That’s Entertainment

A whole lot of fascinating stuff has happened to the world since I got here.

The way we travel, dress, eat, all changed.  Dramatically. What was a Sci Fi movie when I was growing up is laughably dated. Buck Rogers doesn’t even have his own century any more.

But for me, that past is still amazing.

This first story was handed down by my father, and, not surprisingly, it has to do with radio, since that particular area sort of ruled his world.

This particular memory seems to predate even the use of the name RADIO.  Dad talked instead about the family gathering around the kitchen table in order to listen to some very poor transmission coming from a bunch of earphones tossed into a crystal bowl.

“Well,” my father said “the thing is we had always used earphones for listening up to this point. But then somebody, somewhere, figured out that by putting several pairs of earphones into a cut glass bowl, they could raise the sound to a level where a whole family could listen at the same time!”

He reckoned “early 1900” as the time of this wondrous discovery. Now, since I am working in today’s time I can say with some certitude that the year was around 1910. Google knows everything.

By the time he shared this particular bit of history, we had been dealing for quite a while with a rather over sized cabinet style hunk of furniture which served as our  “RADIO” that took up a good part of what we referred to as our “Parlor”.

That word – Parlor – has disappeared from casual usage,…it’s sort of a Downton Abbey kind of word, meaning the room the family stayed out of most of the time so it would always be sparkling clean when a guest arrived. Mom seemed to feel that her reputation depended on it.

Once radio moved into everyone’s home, the audience started drifting outside for entertainment…So we got vaudeville and silent films. And then there were TALKING PICTURES.

Actually, “Talking pictures” were already a fact of everyone’s life by the time I joined the crowd that spent every Saturday at the movies.  By the time I became aware of films and theatres, Al Jolson was already singing his heart out about his “little Mammie”.

No more did the beautiful damsel in distress have to rely on raised eyebrows and typed-in dialogue. And handsome heroes like Tarzan of the Apes could yodel their way though the jungle to save poor frightened, but always loyal Jane, from the evils lurking there.  Subtlety was not big on screen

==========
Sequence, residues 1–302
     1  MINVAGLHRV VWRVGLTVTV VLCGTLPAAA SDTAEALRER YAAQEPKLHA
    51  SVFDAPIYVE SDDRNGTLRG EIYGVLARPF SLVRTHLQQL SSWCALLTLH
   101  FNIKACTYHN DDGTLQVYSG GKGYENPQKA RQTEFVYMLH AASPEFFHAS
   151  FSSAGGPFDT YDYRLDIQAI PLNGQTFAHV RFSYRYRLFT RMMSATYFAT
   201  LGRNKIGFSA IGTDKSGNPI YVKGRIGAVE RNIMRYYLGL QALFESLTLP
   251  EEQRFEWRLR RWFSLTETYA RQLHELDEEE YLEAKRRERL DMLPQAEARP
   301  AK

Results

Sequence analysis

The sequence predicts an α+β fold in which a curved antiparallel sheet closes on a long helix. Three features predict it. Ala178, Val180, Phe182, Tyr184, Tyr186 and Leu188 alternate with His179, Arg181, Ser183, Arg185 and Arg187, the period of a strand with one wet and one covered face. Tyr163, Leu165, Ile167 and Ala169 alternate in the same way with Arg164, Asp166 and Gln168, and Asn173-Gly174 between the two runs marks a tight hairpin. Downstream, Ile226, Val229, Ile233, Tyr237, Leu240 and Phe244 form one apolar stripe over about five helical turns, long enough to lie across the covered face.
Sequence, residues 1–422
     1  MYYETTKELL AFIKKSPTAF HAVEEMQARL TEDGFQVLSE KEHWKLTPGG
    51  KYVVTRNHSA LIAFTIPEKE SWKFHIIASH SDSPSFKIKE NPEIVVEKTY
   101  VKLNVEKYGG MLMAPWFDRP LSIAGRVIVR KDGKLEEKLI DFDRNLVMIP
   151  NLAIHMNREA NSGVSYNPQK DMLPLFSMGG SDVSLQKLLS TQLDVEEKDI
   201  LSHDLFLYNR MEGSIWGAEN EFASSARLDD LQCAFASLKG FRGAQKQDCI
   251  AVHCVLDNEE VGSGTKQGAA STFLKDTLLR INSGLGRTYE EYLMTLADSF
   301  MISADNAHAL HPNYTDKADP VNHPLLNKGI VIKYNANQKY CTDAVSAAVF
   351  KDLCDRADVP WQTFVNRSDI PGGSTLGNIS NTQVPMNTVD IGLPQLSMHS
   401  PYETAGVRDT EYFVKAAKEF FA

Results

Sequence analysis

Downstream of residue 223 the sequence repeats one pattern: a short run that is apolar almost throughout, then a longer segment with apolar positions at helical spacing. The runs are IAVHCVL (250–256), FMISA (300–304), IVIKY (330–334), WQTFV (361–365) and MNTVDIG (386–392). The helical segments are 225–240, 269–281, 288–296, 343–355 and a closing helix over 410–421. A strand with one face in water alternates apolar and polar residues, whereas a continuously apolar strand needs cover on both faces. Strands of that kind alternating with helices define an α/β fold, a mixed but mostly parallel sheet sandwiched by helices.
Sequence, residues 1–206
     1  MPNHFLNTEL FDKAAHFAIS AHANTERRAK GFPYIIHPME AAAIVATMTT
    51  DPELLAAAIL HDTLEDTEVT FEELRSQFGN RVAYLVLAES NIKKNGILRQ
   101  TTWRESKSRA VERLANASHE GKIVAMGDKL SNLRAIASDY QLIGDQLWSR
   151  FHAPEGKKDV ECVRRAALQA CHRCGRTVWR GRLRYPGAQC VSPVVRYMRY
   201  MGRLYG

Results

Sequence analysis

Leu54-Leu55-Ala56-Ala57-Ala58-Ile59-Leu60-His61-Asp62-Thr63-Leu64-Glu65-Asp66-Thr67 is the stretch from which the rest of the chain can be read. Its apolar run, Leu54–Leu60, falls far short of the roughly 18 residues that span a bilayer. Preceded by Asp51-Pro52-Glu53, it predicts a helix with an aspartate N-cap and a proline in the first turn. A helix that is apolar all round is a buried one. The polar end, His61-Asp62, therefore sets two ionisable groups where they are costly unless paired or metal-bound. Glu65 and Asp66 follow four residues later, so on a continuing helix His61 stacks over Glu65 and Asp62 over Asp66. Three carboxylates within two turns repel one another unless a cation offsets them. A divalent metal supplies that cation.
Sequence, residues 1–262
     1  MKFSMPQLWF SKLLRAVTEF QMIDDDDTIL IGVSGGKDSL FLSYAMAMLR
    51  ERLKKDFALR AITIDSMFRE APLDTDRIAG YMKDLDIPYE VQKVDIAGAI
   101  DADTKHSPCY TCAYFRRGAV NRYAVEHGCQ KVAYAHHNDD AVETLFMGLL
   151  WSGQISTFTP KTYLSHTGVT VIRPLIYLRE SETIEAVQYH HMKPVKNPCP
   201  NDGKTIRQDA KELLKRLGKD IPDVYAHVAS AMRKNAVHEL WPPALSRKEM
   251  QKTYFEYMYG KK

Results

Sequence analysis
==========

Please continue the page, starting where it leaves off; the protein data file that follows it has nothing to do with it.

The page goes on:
All this was available for a nickel and a Saturday spent at the moves was really a WHOLE Saturday.  Typically we’d get to see a weekly serial like Flash Gordon, and a News reel and then either a double feature or a live vaudeville show. Which usually included a clown and maybe some magic tricks and some dancers.  None of it was very good, but we had nothing to judge by so it was all considered great.

I remember one Saturday when my sister Jackie and I went to see Nelson Eddy and Janette McDonald in “Rose Marie.”

My sister aspired to becoming the next Janette, so we stayed to see the movie three times. I, the alto in the family, really hated Janette MacDonald but Jackie was the older sister and I wasn’t allowed to walk home without her – so there I sat fuming.

I stubbornly refused to change my mind about Janette, until one time, many years later, I was at a live theatre show and so was she… seated in the audience like a regular person!

The show was about two and a half hours long, and never once did she curl into the back of the seat, but casually sat, ramrod straight, for the entire performance. Now that was a performance I could admire, but when I tried to achieve it, all I got was a major pain in the neck.

Personally, I think films did themselves a disservice by revealing the magic-like special effects of automobiles flying off cliffs and soldiers killing each other…some with a sinister smile on their faces and some just sad depending on whether they were the bad guys or us.

We could (almost) believe that the noble men we were watching were actually dying to save us all, or that the really rotten bad guys died when their brakes gave out and they sailed off the end of the earth!  And when Florence Nightingale and her nurses marched into those hospital wards, I could just imagine me leading the women into battle.  Brave. Unflappable.  And pretty – even in war!

I remember going to see a short film about how Hollywood could create robot-people, or blow a random planet filled with terrifying aliens right out of the sky.  Or, on a happier note, bring us singing mermaids and mice turned into horses for Cinderella.

Now we give prizes for the most successful Special Effects. Which is probably as it should be, but I really enjoyed the thrill before I knew everything was faked – an illusion.

Among my father’s many talents was that of magician. He had nothing but respect for the concept of illusion. I have to disagree with him here. My feeling is more in line with the Hungarian novelist Arthur Koestler (a contemporary of my father’s time) who said:

“Nothing is more sad than the death of an illusion”

Mr. Koestler probably meant some big life-illusion, like love-lost but I really miss the days of watching those stalwart mice, Jac and Gus turning into horses and waiting on the edge of my seat wondering what would happen next.


See you at the movies – or not.




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